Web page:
Muslims Across The Globe Celebrate Eid al-Fitr

ISTANBUL (AP) — Muslims around the world celebrated the Eid al-Fitr holiday Wednesday, marking the end of the holy month of Ramadan. But events were overshadowed by the worsening crisis in Gaza and Israel’s expected military offensive in Rafah city after six months of war.

“We should not forget our brothers and sisters in Palestine,” one imam, Abdulrahman Musa, said in Kenya’s capital, Nairobi. “They have been subjected to unjustified aggression and a lot of violence (as) the world is watching in silence.”

In a holiday message, Turkish President Recep Tayyip Erdogan sent support to Gaza, which he called a “bleeding wound on the conscience of humanity.”

In Istanbul, some of the thousands of worshipers at the Aya Sofya Mosque carried Palestinian flags and chanted slogans in support of residents of Gaza, where the United Nations warns that more than a million people are at threat of imminent famine and little aid is allowed in.

Inside Gaza, there was little joy. Palestinians in the refugee camp of Jabaliya near Gaza City mourned loved ones among the over 33,000 killed in Israel’s offensive in response to Hamas’s deadly Oct. 7 attack in Israel.

Om Nidal Abu Omeira sat alone among bombed-out buildings and wept on the grave of her mother, son-in-law, and grandson. All were killed in Israel’s offensive.

“They (the children) keep saying, ‘I miss my father, where is he?’ I tell them that he’s in heaven,” she told The Associated Press. “They start crying, and then I start crying with them.”

Elsewhere, people were grateful for the plenty they had after a month of fasting and reflection. Before the holiday, markets around the world teemed with shoppers. Residents poured out of cities to return to villages to celebrate with loved ones.

In Indonesia, the world’s most populous Muslim nation, nearly three-quarters of the population were traveling for the annual homecoming known locally as “mudik.”

“This is a right moment to reconnect, like recharging energy that has been drained almost a year away from home,” said civil servant Ridho Alfian.

Jakarta’s Istiqlal Grand Mosque, the largest in Southeast Asia, was flooded with devotees. Preachers in their sermons called on people to pray for Muslims in Gaza.

“This is the time for Muslims and non-Muslims to show humanitarian solidarity, because the conflict in Gaza is not a religious war, but a humanitarian problem,” said Jimly Asshiddiqie, who chairs the advisory board of the Indonesian Mosque Council.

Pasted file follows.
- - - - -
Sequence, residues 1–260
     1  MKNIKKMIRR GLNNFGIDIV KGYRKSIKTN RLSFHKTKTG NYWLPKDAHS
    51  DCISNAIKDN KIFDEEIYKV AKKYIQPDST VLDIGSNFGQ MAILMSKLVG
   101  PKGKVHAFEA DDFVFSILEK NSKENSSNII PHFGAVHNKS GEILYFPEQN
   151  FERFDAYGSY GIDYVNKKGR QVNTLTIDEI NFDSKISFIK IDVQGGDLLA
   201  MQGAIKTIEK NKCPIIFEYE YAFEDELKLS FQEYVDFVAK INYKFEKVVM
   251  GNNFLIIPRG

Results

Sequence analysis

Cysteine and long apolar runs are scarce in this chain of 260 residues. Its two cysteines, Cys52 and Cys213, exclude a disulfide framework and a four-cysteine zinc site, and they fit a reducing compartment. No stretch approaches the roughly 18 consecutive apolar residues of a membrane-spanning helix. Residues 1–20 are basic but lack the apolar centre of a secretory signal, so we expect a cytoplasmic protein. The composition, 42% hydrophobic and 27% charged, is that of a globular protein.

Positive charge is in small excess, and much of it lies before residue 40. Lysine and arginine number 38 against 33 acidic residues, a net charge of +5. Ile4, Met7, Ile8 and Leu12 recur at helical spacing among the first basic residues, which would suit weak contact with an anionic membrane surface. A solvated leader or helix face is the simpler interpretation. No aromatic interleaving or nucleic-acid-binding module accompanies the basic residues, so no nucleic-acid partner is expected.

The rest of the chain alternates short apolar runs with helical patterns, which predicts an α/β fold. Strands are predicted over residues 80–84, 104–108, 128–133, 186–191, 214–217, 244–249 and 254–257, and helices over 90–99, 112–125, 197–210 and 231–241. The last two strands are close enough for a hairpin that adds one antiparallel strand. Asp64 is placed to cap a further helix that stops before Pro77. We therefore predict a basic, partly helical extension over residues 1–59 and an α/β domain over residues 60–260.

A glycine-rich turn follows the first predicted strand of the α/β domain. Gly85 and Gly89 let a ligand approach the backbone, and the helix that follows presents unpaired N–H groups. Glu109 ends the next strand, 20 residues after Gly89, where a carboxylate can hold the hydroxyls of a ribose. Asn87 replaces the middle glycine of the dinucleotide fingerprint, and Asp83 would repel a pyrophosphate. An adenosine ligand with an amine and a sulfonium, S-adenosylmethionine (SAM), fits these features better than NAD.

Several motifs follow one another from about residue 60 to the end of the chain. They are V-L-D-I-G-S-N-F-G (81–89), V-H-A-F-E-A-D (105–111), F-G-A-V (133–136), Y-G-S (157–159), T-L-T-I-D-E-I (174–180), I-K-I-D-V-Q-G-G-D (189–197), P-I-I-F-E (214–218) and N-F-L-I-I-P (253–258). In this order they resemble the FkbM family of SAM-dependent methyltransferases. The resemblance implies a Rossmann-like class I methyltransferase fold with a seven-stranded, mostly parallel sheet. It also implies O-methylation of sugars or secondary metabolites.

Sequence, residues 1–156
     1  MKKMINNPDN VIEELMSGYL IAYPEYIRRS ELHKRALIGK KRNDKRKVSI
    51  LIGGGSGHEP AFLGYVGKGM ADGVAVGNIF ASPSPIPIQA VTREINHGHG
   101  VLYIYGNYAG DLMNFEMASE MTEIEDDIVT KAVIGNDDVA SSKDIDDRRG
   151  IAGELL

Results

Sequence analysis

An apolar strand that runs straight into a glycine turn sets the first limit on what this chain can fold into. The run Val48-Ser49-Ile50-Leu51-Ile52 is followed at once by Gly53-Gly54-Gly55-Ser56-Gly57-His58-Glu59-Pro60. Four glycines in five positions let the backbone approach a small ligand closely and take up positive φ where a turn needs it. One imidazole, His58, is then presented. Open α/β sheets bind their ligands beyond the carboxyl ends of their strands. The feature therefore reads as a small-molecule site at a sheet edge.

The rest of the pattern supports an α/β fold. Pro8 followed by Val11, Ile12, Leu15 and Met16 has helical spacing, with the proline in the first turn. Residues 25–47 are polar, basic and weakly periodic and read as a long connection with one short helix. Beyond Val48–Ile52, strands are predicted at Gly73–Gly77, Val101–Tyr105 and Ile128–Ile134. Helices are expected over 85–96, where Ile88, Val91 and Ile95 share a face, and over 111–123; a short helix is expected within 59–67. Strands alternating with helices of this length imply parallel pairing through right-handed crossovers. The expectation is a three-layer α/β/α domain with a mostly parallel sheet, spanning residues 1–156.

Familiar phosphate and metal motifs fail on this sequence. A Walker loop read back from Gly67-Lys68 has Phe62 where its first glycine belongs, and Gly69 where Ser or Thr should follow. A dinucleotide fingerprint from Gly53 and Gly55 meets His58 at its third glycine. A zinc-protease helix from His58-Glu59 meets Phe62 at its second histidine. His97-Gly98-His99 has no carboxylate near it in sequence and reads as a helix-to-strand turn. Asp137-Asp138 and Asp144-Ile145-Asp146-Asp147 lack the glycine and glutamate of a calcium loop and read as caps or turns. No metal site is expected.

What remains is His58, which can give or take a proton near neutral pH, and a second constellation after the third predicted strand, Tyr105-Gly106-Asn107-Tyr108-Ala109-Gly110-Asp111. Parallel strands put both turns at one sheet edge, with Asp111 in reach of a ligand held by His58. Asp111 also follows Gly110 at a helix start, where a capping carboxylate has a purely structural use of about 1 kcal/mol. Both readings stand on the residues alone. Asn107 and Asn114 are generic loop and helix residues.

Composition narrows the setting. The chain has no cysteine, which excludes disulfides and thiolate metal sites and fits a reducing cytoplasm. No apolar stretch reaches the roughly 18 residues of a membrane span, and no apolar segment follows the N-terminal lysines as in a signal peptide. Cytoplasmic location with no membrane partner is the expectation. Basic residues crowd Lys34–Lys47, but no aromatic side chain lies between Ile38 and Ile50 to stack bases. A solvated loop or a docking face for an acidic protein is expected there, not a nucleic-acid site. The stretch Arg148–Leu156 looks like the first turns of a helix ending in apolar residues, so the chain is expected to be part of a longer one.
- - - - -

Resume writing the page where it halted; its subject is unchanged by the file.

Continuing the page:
In Berlin, worshipers reflected the world, coming from Benin, Ghana, Syria, Afghanistan and Turkey.

“It’s a day where we feel grateful for everything we have here, and think and give to those who are poor, facing war and have to go hungry,” said Azhra Ahmad, a 45-year-old mother of five.

In Pakistan, authorities deployed more than 100,000 police and paramilitary forces to maintain security at mosques and marketplaces.

In Malaysia, ethnic Malay Muslims performed morning prayers at mosques nationwide just weeks after socks printed with the word “Allah” at a convenience store chain sparked a furor. Many found it offensive.

Malaysia’s Prime Minister Anwar Ibrahim called for unity and reconciliation, saying no groups should be sidelined based on religion or any other reason.

In Russia, worshipers gathered as their leaders vowed loyalty to fellow citizens amid tensions following last month’s attack by an extremist group on a music hall outside Moscow in which 130 people were killed. The Islamic State group’s Afghanistan affiliate claimed responsibility.

“As our country’s president, Vladimir Putin, said, terrorism has neither a nationality nor a religion, the chairman of the Council of Muftis in Russia said. “We call to unite against the threat, against those dark forces.”

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